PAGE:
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Molecular-selective adsorption property of chemically surface modified nanoporous alumina membrane by di(1-naphthyl)silanediol to anthracenes.

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Full Paper
Received: 22 July 2009
Revised: 14 October 2009
Accepted: 15 October 2009
Published online in Wiley Interscience: 26 November 2009
(www.interscience.com) DOI 10.1002/aoc.1586
Molecular-selective adsorption property of
chemically surface modified nanoporous
alumina membrane by di(1-naphthyl)silanediol
to anthracenes
Kenji Kakiagea, Toru Kyomena,b , Masafumi Unnoa,b and Minoru Hanayaa,b∗
Nano-porous alumina membrane (NPAM) formed by the anodic oxidation of aluminum is an attractive composite as the base
material for a functional filter, because of its honeycombed ordered structure with large surface area per weight and also high
shape stability. In this work, we investigated the adsorption properties of the NPAM possessing π -electron systems on the
surface, which were produced through chemical surface modification by di(1-naphthyl)silanediol, to aromatic compounds using
anthracenes as typical aromatic compounds. The chemically surface-modified NPAM exhibited strong affinity to anthracene
molecules and the affinity was observed to be weakened remarkably with the introduction of methyl and phenyl substituents
c 2009 John Wiley & Sons, Ltd.
to anthracene, indicating a molecular-selective adsorption property of the NPAM. Copyright Keywords: nanoporous alumina membrane; chemical surface modification; di(1-naphthyl)silanediol; adsorption property; molecular
selectivity
Introduction
198
Organosilicon compounds having silanol moieties and/or alkoxysilyl groups possess high bonding ability to the surfaces of metal
oxides forming Si–O–metal bonds.[1 – 3] They can produce functional properties reflecting the characteristics of the organic
fragments included in them to the metal-oxide surfaces through
the chemical surface modification. Nano-porous alumina membrane (NPAM), which is a typical porous material formed by
the anodic oxidation of aluminum, has a regular honeycombed
structure with nanometer to sub-micrometer pores, and the pore
size can be controlled easily by changing the anodic oxidation
conditions.[4 – 6] Because of its characteristic ordered nanostructure, the NPAM has been used as a filter for microfiltration, as
a template to form nanotube and nanowire arrays of inorganic
materials, and as a mask in vacuum evaporation to form nanodot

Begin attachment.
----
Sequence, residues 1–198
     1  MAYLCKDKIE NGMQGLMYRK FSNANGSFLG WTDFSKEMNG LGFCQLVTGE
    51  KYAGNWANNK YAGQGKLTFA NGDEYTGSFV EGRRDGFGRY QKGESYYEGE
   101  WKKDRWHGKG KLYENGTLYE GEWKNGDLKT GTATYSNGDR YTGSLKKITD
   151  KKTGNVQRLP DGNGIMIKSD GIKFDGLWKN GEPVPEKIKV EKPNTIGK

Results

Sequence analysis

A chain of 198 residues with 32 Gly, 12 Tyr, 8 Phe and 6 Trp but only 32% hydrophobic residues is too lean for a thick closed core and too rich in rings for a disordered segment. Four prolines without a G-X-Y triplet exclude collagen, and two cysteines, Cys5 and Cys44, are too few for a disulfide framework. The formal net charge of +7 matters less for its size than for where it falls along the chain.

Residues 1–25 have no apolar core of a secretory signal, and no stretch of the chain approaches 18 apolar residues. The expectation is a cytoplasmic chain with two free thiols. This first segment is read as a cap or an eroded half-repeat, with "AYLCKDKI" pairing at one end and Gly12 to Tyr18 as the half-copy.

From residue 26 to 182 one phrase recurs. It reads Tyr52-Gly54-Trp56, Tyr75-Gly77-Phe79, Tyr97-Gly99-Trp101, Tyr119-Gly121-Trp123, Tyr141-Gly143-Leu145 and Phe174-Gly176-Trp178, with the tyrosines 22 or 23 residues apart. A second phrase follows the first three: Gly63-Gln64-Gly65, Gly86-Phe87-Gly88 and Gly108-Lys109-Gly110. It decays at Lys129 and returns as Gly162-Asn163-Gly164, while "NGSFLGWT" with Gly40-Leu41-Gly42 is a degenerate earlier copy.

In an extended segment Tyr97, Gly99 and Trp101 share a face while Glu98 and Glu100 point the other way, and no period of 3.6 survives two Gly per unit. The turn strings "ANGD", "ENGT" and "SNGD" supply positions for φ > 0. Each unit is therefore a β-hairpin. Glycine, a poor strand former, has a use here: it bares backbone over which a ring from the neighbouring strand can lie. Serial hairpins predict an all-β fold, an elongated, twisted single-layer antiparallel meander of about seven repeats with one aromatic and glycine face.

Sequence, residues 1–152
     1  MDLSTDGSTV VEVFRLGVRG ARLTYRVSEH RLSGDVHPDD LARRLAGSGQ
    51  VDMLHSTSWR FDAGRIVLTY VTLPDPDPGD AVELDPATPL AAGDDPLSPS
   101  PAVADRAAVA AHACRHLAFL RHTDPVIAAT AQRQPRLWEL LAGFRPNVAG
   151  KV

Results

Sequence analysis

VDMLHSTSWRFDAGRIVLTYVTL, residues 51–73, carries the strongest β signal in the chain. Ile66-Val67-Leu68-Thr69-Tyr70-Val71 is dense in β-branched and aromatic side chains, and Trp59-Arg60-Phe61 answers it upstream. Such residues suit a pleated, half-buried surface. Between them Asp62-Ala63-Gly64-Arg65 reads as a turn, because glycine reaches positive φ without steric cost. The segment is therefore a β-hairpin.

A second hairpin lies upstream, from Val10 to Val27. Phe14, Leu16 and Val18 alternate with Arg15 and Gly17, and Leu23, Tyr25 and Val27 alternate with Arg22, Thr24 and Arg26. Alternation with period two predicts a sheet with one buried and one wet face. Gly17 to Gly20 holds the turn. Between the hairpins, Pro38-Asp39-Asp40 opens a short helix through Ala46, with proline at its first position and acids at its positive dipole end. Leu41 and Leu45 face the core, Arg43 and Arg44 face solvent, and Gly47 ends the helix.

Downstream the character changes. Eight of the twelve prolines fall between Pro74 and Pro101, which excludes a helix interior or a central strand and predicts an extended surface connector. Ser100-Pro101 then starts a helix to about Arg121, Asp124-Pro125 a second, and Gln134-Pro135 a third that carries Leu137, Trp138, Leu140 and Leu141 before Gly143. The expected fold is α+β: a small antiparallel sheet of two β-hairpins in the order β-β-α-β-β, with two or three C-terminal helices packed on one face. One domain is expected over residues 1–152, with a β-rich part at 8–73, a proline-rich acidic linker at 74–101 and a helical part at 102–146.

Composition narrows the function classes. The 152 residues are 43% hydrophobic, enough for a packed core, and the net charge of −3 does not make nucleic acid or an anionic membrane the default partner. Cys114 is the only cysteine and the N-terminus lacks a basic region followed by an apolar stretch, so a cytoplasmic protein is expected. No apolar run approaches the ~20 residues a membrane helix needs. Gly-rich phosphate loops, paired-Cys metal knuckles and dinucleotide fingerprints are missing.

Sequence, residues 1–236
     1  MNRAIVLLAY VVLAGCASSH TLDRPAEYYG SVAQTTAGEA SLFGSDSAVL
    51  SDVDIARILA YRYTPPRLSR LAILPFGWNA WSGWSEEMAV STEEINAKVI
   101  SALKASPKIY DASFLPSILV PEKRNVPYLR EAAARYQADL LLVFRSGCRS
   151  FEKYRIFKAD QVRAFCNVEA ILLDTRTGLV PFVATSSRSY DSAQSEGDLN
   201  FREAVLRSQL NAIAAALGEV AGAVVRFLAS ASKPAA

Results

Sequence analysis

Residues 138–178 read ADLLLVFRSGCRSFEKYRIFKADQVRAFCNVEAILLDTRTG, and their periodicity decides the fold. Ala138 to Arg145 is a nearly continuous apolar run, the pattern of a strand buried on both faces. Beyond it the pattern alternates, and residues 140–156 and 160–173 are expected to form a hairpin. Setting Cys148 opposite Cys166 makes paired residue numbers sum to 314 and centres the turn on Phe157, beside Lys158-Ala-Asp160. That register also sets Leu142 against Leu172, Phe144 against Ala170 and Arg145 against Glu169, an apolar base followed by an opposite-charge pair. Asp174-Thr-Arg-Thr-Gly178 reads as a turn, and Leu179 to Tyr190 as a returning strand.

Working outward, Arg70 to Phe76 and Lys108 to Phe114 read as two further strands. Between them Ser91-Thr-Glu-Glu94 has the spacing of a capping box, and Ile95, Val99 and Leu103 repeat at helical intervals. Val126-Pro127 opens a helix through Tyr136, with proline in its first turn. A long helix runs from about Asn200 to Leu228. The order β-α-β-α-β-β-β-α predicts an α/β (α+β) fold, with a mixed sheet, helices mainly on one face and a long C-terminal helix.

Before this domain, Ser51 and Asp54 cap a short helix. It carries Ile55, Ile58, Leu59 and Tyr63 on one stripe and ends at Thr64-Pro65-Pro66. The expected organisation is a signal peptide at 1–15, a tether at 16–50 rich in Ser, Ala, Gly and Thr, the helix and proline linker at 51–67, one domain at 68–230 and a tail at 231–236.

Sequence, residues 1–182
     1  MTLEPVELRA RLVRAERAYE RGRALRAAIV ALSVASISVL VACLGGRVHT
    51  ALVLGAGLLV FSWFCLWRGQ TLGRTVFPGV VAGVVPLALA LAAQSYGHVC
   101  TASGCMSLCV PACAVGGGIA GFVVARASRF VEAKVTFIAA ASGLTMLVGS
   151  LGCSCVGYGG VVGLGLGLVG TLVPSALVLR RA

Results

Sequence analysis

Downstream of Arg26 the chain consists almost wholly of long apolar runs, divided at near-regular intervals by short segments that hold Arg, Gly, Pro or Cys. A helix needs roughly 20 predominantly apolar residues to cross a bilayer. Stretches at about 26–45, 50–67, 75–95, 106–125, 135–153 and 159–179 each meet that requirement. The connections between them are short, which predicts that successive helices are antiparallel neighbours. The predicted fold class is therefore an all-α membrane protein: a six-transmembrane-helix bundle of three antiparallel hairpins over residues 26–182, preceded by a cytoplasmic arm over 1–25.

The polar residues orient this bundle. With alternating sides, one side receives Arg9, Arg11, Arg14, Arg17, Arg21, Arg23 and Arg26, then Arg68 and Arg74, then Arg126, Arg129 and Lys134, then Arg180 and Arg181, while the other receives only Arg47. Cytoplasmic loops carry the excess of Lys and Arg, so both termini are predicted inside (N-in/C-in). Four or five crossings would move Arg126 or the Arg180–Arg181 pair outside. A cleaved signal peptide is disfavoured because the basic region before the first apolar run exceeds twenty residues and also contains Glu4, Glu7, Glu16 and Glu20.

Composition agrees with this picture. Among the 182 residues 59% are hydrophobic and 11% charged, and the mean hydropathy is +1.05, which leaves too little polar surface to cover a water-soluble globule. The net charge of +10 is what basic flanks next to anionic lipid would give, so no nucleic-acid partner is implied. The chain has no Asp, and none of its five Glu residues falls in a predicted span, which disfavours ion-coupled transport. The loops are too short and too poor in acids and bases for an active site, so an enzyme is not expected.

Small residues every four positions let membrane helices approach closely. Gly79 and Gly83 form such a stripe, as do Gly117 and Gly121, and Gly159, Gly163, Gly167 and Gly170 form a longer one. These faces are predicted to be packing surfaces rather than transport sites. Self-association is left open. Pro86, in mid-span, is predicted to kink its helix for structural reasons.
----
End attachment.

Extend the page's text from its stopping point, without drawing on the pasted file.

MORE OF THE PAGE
arrays.[7,8] Besides those applications, the NPAM is also used directly as a substrate in sensor applications.[9] However, there have
been no studies so far attempting to add a certain function to
the NPAM based on π -electron systems of organic compounds.
NPAMs have large surface area per weight of more than 10 m2 g−1
and high shape stability as a characteristic of metal-oxide composites. Therefore, the chemical surface modification of NPAMs by
the organosilicon compounds having π -electron systems would
produce functional materials such as a molecular selective filter
for aromatic compounds with low flow resistance due to the
straight-pore structure.
Recently, we examined the chemical surface modification of
NPAMs by di(1-naphthyl)silanediol, (Nap)2 Si(OH)2 , in order to
obtain the quantitative information on the reaction conditions
for the efficient surface modification of metal oxides by silanols,
and attained to modify the surface of NPAMs by (Nap)2 Si(OH)2
with high covering ratio. [Precise information about the relation
Appl. Organometal. Chem. 2010, 24, 198–200
between the reaction conditions and the covering ratios of
the NPAM surface by (Nap)2 Si(OH)2 in the chemical surface
modification will be published elsewhere.] In this work, we
examined for the first time the adsorptive properties of the
NPAM possessing π -electron systems on the surface, which
were produced through chemical surface modification by di(1naphthyl)silanediol, to aromatic compounds using anthracene
and its derivatives, and found molecular-selective adsorption
properties of the NPAM.
Experimental
Nanoporous alumina membranes with a pore diameter
of ∼200 nm in a round shape of 21 mm o.d. and
∼60 µm thickness were purchased from Whatman. Di(1naphthyl)silanediol, (Nap)2 Si(OH)2 , was synthesized by lithiation
of 1-bromonaphthalene followed by the substitution reaction
with tetrachlorosilane and subsequent hydroxylation, as has been
reported previously.[10]